Easy Learning

The present perfect tense - Easy Learning Grammar

Typical forms of this tense are as shown in:
  • I have finished.
  • He has found them.
  • They’ve finished.
  • They’ve found her.
  • Listen! I’ve heard some great news; Jim’s won!
  • They’ve bought a brand new car.
  • You’ve got a nerve!
  • Have they finished? – No, they haven’t.
  • Has Mary arrived yet? – No, she hasn’t.
  • I have not finished.
  • He has not finished.
  • Ranee hasn’t found her bracelet yet.
  • They haven’t seen her.
The contracted forms are:
has = ’shave = ’ve
has not = hasn’thave not = haven’t
The present perfect tense is used to talk about events that are relevant to the present but that happened in the past. It is used to talk about an action that started in the past, without mentioning a specific time.
  • Her daughter has had an accident.
  • We have seen the Eiffel Tower and the Arc de Triomphe.
If the present perfect occurs more than once in a compound sentence, the second and subsequent instances of have can be left out.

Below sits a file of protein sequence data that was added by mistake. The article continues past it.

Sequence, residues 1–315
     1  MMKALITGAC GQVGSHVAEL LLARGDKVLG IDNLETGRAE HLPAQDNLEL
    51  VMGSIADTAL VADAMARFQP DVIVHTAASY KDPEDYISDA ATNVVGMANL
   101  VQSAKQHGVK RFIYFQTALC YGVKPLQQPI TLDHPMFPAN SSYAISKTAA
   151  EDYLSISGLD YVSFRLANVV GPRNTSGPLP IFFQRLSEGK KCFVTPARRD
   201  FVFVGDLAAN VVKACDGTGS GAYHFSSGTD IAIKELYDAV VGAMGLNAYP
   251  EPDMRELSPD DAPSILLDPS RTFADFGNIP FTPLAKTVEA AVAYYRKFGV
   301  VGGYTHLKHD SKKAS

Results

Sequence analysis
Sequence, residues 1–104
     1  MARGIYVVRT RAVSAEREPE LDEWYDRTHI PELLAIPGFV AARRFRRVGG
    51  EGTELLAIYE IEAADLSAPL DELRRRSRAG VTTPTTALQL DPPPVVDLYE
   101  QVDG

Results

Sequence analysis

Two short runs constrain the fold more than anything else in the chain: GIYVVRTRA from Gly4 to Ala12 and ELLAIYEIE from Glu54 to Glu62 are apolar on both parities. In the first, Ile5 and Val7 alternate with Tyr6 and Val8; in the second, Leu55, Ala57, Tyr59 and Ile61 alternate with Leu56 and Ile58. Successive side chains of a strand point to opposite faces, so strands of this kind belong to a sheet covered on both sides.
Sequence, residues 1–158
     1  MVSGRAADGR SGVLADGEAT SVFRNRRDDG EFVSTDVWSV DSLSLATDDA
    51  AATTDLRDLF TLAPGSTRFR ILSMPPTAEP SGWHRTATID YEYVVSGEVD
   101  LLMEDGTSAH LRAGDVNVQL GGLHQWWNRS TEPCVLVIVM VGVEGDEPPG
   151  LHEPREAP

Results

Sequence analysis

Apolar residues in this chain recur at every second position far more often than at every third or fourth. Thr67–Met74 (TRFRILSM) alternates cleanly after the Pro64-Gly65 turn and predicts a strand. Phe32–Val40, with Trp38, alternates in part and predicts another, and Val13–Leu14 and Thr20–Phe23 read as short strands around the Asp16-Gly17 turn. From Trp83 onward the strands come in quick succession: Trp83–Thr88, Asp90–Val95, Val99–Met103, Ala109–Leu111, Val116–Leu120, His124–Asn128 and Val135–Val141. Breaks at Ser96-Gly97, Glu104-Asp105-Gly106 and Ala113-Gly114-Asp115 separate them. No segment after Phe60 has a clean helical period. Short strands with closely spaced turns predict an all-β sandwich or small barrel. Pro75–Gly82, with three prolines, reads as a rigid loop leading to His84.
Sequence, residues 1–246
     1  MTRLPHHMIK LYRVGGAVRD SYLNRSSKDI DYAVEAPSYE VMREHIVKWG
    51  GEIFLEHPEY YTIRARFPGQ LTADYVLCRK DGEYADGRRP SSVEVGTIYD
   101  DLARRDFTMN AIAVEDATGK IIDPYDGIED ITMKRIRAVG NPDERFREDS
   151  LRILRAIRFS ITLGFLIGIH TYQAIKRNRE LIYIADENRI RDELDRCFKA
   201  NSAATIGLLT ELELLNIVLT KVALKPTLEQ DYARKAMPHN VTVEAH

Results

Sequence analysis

• They have bought their tickets and booked their seats.
  • We can use just if we want to show that the action has very recently been completed.
  • They have just bought their tickets.
  • He has just finished his homework.
If the event did not take place you can use never. If you want to find out whether it took place or not, you can use ever.
  • Have you ever been to Greece?
  • I’ve never done anything like this before.
  • If we want to indicate a moment in time or a period of time, we can use expressions such as recently, lately, this morning, today, or this week with the present perfect tense.
  • I haven’t been to the cinema recently.
  • I’ve waited a week for your answer.
  • In questions and negative sentences, the present perfect can be used with yet, meaning ‘at the time of speaking’. In positive sentences, use already.
  • Haven’t you finished yet?
  • Have you bought the tickets yet?
  • I’ve already seen that film.
The present perfect tense is often used to answer the question How long…? together with for to talk about a period of time, or since to talk about duration from a point in time.
  • I have lived in Edinburgh for fifteen years.
  • How long have you lived in Edinburgh?
  • We’ve had this car since 2008.
  • We haven’t spoken to each other since the night of the argument.

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